AMITW encourages observers: ‘Remain respectful, enjoy the moment’

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People watch as Kathy Doddridge, Anna Maria Island Turtle Watch and Shorebird Monitoring volunteer, displays hatched and unhatched loggerhead sea turtle eggs. She excavated a nest Aug. 1 in Bradenton Beach. Islander Photo: ChrisAnn Silver Esformes

Sea turtles on Anna Maria Island usually nest and hatch under cover of darkness.

However, lower evening temperatures due to afternoon rains the last week in July and first week in August led to some hatches before nightfall. It also led mature female loggerheads to emerge from the Gulf of Mexico to nest before dusk and after dawn, according to Anna Maria Island Turtle Watch and Shorebird Monitoring executive director Suzi Fox.

“It’s all temperature-driven,” Fox said July 31. “We are seeing more hatches before dark, when there are overcast or rainy days cooling off the beach.”

The island is known for beautiful sunsets, which attract people with cameras in hand to the shore. When sea turtles emerge before dusk, many people have smartphones and immediately post their turtle pics and videos to social media.

A Facebook post July 29 with photos and videos of a sea turtle nesting on the beach at sunset had 371 “likes,” 78 shares and 99 comments by Aug. 3.

One commenter wrote, “Fifty feet away, people,” suggesting spectators keep a safe distance from nesting or hatching turtles.

The Islander learned a federal agency recommends keeping a distance of 50 yards.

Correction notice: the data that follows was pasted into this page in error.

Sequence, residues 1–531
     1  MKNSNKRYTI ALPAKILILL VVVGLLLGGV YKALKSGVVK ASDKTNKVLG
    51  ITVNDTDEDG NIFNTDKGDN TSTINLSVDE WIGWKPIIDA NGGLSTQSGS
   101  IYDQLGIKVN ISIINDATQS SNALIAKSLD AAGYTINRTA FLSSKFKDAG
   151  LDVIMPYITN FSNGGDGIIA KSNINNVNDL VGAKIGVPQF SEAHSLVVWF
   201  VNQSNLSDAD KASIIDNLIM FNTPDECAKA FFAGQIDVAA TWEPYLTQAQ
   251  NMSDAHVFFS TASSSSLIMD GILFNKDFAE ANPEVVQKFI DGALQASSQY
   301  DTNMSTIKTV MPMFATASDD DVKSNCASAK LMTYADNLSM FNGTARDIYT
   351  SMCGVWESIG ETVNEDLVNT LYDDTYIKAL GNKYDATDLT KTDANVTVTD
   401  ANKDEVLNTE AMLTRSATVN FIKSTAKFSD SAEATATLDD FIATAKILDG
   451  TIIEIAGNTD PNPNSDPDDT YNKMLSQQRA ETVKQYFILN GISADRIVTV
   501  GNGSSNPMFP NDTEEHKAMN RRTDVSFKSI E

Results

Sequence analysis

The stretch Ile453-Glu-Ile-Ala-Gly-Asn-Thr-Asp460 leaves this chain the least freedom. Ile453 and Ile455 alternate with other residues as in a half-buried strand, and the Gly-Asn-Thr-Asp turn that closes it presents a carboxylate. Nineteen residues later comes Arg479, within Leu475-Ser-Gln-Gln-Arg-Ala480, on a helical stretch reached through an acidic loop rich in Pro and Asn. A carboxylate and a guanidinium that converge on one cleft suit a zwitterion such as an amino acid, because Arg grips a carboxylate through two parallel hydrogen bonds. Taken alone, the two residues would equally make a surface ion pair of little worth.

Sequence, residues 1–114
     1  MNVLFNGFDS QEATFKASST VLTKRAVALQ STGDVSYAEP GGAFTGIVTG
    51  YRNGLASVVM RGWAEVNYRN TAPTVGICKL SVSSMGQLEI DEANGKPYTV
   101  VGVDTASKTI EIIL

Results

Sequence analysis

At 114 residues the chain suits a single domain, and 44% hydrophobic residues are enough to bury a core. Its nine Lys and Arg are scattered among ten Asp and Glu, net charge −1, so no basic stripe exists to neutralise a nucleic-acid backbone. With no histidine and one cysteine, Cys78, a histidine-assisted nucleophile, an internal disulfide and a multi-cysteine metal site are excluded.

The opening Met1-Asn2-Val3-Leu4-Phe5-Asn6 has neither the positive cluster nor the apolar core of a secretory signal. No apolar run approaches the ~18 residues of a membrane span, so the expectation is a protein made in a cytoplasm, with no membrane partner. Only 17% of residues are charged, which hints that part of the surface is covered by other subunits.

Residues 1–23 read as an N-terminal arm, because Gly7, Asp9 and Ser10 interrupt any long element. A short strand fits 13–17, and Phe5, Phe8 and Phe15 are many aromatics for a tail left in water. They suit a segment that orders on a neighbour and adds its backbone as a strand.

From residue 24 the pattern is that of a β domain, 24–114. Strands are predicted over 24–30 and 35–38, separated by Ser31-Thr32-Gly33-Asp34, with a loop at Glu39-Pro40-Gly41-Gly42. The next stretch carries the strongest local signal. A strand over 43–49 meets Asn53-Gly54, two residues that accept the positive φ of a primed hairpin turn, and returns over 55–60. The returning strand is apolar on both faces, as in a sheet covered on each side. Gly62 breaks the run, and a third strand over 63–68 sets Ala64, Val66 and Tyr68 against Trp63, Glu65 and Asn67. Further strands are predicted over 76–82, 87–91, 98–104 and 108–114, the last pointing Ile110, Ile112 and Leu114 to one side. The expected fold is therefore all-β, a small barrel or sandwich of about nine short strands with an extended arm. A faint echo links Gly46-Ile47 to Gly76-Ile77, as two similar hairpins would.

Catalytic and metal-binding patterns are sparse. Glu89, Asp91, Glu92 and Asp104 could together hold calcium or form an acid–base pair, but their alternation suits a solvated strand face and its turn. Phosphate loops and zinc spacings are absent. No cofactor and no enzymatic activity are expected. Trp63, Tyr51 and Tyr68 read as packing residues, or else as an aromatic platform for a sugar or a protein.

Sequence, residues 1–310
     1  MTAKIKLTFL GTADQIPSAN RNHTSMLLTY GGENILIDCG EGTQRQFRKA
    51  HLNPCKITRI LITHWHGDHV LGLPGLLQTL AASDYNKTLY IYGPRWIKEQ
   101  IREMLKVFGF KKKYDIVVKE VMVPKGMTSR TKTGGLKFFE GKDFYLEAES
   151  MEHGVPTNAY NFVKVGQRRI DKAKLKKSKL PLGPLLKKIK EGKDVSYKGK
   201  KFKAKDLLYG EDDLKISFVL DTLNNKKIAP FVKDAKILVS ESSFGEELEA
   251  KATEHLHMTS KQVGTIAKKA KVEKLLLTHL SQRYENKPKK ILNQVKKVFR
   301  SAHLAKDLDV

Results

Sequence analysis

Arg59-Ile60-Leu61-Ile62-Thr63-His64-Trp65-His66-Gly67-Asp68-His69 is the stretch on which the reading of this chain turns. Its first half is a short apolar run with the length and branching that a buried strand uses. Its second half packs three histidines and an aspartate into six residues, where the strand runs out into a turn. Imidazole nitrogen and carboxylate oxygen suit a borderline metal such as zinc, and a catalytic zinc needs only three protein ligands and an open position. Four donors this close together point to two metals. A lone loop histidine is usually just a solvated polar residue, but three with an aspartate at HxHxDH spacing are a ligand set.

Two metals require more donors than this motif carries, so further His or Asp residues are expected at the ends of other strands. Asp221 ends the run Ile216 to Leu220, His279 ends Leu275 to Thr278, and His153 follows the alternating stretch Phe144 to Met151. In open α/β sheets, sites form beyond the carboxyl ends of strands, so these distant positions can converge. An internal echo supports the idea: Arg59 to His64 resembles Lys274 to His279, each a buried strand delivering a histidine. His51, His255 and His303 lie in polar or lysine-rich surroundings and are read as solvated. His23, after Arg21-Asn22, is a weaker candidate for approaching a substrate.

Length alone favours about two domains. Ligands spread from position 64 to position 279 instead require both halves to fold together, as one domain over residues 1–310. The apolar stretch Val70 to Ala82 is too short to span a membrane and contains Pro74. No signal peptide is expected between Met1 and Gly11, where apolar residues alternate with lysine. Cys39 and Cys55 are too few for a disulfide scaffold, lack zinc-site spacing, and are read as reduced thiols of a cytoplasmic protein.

“There are a ton of posts on social media lately,” Fox said. “But, people seem to understand they need to stay back and stay quiet.”

When a female loggerhead crawled ashore July 29 before sunset to nest in Bradenton Beach, Fox attended.

She said people “policed themselves” and when the nesting was done, they followed, keeping about 50 feet away, as the turtle crawled back to the Gulf.

Their respect might result from AMITW’s education efforts.

Turtle watch volunteer Kathy Doddridge, coordinator for the section of beach that extends between 26th Street North and Cortez Road in Bradenton Beach, has been leading public nest excavations.

Volunteers excavate nests 72 hours after they hatch to count eggs and collect data — how many eggs hatched or remained unhatched. If there live hatchlings remain behind, they are released to the Gulf.

The public is invited to attend excavations and learn about AMITW’s work.

Doddridge said people are excited to learn about sea turtles during excavations, and often take photos and video.

“It’s a balancing act. We’re educating people because we want them to do the right thing with lights and filling in holes, but that also generates excitement for them and they want to share it,” Doddridge said. “I always say, ‘Take photos if you want, but really, just sit back, relax and enjoy it, because you probably aren’t going to see this again.’”

For more information about sea turtles, contact Fox at suzilfox@gmail.com or 941-778-5638.

 

NOAA says: ‘Stay 50 yards back from nesting sea turtles’
People are fascinated with sea turtles on Anna Maria Island, but respect is recommended.

According to the National Oceanic and Atmospheric Administration, all sea turtles found in the U.S. are listed under the Environmental Species Act, which makes it illegal to touch, harass, harm, possess, or kill turtles, their eggs, or hatchlings. These animals spend the majority of their lives in the ocean, but come onto beaches only to lay their eggs or bask in the sun. When viewing a sea turtle in the water or on a beach, remain at a respectful distance—the minimum recommended is 50 yards — half a football field.

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